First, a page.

• CREATING WONDER Even a 5 year old is video literate. I recently watched a three year old navigate an iPad to Netflix to find her favorite kid’s program… Good story has a sense of wonder, (that’s done by asking the right questions), and highly disciplined editing.
• SEDUCTION Shortly into our 90 day process of making ITWOG, it occurred to me that my job was not to close the gap between the audience and the ocean… but to narrow the gap. The true test of persuasion is if you can get your enemy to do a double-take. If a whaler could say, “I disagree with you, but cool film…” I’ve narrowed the gap.
There is a difference between a lecture and a story. I believe we need to lecture less and seduce more.
3. Invest in Film
There used to be patrons of the arts. The Medici’s funded the art of the day because it made them powerful and the desire to be a powerful force in Italian culture. To own art was to own the message. That’s not so different is it? Do you want people to care about the ocean? They have to fall in love with it, and I believe that’s done through story.
If you believe what Cisco is predicting is even close… you better start reserving part of your budget for making your work relevant to today’s viewers. Today we search for our content, but increasingly… our content has a way of finding us. YouTube reports that the vast majority of videos watched are not a direct result of a search. We watch what is recommended to us.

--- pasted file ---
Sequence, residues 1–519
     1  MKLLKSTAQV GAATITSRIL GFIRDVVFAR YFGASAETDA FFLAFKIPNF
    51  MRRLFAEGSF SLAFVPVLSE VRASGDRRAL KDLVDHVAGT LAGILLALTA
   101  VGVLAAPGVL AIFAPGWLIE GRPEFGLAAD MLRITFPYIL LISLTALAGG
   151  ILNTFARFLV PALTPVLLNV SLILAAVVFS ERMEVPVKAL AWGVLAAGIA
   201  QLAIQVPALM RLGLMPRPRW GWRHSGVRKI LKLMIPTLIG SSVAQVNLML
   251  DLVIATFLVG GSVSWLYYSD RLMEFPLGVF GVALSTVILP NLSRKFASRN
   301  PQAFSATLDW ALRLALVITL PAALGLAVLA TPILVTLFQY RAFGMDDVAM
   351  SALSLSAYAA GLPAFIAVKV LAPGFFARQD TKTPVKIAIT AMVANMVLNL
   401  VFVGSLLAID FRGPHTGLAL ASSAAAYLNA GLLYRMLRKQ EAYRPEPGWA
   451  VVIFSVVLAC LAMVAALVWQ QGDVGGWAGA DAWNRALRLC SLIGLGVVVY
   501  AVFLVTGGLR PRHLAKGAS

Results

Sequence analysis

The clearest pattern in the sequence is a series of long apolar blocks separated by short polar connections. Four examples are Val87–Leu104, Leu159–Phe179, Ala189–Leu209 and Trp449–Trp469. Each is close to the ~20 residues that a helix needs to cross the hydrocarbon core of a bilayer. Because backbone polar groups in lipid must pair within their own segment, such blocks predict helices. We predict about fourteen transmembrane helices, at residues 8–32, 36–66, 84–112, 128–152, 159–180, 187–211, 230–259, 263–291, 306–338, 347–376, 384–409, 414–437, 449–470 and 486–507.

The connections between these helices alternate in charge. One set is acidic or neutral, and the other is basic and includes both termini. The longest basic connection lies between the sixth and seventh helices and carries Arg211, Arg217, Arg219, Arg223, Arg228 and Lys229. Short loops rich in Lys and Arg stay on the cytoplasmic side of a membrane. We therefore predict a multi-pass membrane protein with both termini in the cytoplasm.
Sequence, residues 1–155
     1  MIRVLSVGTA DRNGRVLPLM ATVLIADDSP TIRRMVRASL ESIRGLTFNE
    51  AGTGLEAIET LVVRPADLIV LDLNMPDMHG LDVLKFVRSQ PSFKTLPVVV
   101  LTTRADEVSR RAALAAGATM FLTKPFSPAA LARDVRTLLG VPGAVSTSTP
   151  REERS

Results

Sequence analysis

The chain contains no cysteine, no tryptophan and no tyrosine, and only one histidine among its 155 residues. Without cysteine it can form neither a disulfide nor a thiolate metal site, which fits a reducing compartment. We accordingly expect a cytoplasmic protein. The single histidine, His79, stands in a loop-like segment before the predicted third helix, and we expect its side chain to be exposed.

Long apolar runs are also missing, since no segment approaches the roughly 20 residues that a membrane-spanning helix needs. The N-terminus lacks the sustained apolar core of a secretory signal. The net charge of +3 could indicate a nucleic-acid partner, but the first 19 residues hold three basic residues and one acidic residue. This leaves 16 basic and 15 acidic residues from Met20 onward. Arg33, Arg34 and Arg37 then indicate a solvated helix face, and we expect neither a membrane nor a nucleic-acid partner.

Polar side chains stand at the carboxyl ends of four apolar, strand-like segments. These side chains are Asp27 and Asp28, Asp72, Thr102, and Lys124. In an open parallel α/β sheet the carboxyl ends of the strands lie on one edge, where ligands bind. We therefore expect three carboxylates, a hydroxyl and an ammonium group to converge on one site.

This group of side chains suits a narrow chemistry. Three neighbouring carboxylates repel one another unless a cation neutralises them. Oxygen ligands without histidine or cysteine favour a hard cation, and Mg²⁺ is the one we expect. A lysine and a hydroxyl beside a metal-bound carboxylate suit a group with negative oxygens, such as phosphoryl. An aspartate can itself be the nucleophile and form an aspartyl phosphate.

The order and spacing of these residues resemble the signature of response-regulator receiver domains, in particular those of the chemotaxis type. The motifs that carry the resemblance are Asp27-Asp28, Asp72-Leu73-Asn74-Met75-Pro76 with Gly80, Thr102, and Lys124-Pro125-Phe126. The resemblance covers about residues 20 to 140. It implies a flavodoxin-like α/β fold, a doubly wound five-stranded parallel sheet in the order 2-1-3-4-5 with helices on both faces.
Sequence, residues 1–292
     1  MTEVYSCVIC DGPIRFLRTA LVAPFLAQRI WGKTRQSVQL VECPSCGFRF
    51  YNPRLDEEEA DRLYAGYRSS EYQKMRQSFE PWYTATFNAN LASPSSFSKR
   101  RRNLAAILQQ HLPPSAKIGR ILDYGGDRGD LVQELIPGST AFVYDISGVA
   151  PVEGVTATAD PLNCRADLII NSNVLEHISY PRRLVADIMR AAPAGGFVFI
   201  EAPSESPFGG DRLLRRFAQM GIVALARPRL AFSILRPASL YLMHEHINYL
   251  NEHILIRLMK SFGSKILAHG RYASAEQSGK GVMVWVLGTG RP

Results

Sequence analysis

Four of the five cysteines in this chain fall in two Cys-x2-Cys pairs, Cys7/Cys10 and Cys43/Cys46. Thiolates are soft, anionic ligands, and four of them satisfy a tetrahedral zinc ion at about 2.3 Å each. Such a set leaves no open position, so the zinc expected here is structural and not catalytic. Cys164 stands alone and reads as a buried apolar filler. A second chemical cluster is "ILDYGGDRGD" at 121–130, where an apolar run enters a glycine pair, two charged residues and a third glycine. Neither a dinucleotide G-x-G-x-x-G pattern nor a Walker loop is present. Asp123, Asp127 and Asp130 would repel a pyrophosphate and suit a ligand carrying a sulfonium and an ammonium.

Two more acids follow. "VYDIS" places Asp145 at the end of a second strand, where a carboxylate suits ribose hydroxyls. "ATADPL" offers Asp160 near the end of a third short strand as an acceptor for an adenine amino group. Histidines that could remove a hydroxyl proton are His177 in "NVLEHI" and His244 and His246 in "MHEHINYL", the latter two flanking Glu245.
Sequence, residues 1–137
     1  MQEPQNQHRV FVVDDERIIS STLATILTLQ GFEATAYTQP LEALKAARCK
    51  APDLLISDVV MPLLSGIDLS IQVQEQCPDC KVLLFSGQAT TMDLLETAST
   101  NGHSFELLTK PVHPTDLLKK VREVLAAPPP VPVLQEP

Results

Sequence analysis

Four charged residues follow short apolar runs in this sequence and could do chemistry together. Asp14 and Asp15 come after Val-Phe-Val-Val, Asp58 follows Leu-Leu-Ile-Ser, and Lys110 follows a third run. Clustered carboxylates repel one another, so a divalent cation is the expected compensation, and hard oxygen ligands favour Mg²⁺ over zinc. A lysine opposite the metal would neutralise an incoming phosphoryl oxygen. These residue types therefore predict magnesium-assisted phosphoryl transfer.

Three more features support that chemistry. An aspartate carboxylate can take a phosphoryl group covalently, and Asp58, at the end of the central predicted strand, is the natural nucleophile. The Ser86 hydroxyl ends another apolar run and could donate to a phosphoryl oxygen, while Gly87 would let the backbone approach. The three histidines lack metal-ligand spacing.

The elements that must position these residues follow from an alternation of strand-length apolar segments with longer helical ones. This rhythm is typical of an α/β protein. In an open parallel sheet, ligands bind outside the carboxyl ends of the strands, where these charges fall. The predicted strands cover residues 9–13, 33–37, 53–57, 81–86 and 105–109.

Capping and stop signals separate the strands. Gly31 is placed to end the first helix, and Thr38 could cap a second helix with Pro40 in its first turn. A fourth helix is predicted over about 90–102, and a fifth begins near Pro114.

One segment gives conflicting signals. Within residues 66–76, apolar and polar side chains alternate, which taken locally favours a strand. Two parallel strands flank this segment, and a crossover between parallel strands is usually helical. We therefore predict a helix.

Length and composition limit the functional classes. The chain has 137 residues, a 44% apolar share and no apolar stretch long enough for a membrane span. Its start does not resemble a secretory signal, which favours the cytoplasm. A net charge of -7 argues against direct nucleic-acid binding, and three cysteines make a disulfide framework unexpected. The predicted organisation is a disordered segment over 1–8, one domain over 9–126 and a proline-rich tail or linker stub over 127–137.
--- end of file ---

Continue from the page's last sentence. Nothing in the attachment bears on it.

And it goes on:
Bob Talbot said to me recently… “At my age it’s more important to be effective than to be right.” Another way to say that is… pay attention to how people are wired, LOVE the story you want to tell and tell it in a way that seduces them to narrow the gap between them and the ocean. Believe it or not, you will not save the oceans. You know who will? The billions of people who don’t see their connection to it. Film can connect people and the sea.
Ocean managers… grant writers… researchers… even corporate investors, the newest and most prolific language is evolving all around you. It’s time to step forward in a meaningful way and put funds into film… Develop a trusting relationship with a filmmaker who is fluent in story… when they become passionate about your work, others will begin to care about the ocean. Wouldn’t it be disappointing if, by 2016 your only meaningful message was… “na nunk chup”